Microsoft Have Listened, No More DRM or Internet Check-ins on Xbox One


Microsoft didn’t have a very good time of it at E3 and they know it. That’s why they finally listened to the gamers and decided to make some changes. Today Microsoft’s President of the Interactive Entertainment Business, Don Mattrick, made an announcement on that went like this:

Since unveiling our plans for Xbox One, my team and I have heard directly from many of you, read your comments and listened to your feedback. I would like to take the opportunity today to thank you for your assistance in helping us to reshape the future of Xbox One. 

You told us how much you loved the flexibility you have today with games delivered on disc. The ability to lend, share, and resell these games at your discretion is of incredible importance to you. Also important to you is the freedom to play offline, for any length of time, anywhere in the world.

So, today I am announcing the following changes to Xbox One and how you can play, share, lend, and resell your games exactly as you do today on Xbox 360. Here is what that means:

  • An internet connection will not be required to play offline Xbox One games– After a one-time system set-up with a new Xbox One, you can play any disc based game without ever connecting online again. There is no 24 hour connection requirement and you can take your Xbox One anywhere you want and play your games, just like on Xbox 360.
  • Trade-in, lend, resell, gift, and rent disc based games just like you do today – There will be no limitations to using and sharing games, it will work just as it does today on Xbox 360.

In addition to buying a disc from a retailer, you can also download games from Xbox Live on day of release. If you choose to download your games, you will be able to play them offline just like you do today. Xbox One games will be playable on any Xbox One console — there will be no regional restrictions. 

These changes will impact some of the scenarios we previously announced for Xbox One. The sharing of games will work as it does today, you will simply share the disc. Downloaded titles cannot be shared or resold. Also, similar to today, playing disc based games will require that the disc be in the tray.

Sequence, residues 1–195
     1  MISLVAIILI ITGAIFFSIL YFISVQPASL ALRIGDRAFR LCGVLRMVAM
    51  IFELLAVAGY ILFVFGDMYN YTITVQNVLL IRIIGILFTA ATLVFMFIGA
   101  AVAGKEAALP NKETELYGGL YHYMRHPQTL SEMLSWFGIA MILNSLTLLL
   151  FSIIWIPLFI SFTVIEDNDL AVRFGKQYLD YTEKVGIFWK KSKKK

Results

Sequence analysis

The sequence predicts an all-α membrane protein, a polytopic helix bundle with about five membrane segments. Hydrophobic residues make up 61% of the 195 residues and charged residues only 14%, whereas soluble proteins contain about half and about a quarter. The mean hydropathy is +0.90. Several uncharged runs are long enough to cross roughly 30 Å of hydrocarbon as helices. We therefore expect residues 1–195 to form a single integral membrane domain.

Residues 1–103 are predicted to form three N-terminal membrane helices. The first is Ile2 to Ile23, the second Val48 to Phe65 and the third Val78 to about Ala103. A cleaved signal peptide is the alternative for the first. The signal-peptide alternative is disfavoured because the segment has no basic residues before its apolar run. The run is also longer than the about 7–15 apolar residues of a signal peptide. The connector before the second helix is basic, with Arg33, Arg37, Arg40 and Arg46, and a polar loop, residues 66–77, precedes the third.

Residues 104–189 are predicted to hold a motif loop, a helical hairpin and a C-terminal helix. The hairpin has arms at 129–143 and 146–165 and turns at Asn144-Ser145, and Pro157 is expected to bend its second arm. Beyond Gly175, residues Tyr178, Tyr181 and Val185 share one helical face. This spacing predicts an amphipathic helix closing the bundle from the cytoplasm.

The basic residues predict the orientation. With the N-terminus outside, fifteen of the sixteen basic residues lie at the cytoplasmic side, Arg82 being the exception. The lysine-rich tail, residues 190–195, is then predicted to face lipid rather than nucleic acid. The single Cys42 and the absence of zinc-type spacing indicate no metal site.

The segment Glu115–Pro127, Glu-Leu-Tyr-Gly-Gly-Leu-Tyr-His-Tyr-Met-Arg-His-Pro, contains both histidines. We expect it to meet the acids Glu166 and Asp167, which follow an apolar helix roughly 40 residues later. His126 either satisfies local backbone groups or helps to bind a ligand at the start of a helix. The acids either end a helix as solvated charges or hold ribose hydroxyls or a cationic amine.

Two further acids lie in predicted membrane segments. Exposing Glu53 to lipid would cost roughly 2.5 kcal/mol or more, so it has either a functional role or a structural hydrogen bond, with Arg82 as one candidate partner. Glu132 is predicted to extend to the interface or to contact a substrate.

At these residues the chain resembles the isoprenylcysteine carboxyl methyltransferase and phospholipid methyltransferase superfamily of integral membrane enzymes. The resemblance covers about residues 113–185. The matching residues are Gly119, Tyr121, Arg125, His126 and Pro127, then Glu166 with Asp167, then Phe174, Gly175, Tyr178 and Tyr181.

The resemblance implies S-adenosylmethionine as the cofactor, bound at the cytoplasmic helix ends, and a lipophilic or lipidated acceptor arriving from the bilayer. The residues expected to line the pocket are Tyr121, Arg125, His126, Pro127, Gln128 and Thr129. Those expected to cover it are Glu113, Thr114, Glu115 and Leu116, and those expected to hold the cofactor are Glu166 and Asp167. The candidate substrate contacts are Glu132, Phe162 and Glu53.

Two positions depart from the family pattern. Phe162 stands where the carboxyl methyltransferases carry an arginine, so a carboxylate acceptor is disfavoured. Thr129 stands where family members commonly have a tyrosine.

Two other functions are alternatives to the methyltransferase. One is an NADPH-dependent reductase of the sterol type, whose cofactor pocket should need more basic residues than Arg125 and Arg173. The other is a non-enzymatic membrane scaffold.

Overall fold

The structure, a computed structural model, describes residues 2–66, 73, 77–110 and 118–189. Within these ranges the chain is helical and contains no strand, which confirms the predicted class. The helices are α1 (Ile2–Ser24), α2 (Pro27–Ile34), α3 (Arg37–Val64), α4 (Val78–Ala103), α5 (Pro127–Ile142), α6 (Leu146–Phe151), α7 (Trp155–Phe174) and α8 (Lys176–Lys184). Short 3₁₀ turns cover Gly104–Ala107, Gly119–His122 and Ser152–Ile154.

We appreciate your passion, support and willingness to challenge the assumptions of digital licensing and connectivity. While we believe that the majority of people will play games online and access the cloud for both games and entertainment, we will give consumers the choice of both physical and digital content. We have listened and we have heard loud and clear from your feedback that you want the best of both worlds.

So what about the ever-watching Kinect? Well we’re not sure about how things will work in the UK but over in America a new legislation could put severe restrictions on how the Kinect shares information.

For some this sudden “change of heart” might be a little too late. Microsoft haven’t exactly been acting in the interests of their customers for the past month. They’ve been stubborn enough to say that the consumers need to be “educated” on the benefits of the Xbox One and were betting on poor judgement for their sales (no, really).

There was even news that their E3 demos were running on Windows 7. Apparently the use of PCs for demonstration purposes isn’t so strange. But it’s still funny that they should choose it over Windows 8.

But what do you think? Has this affected your decision on which next-gen console to buy?

Sources:, Escapist

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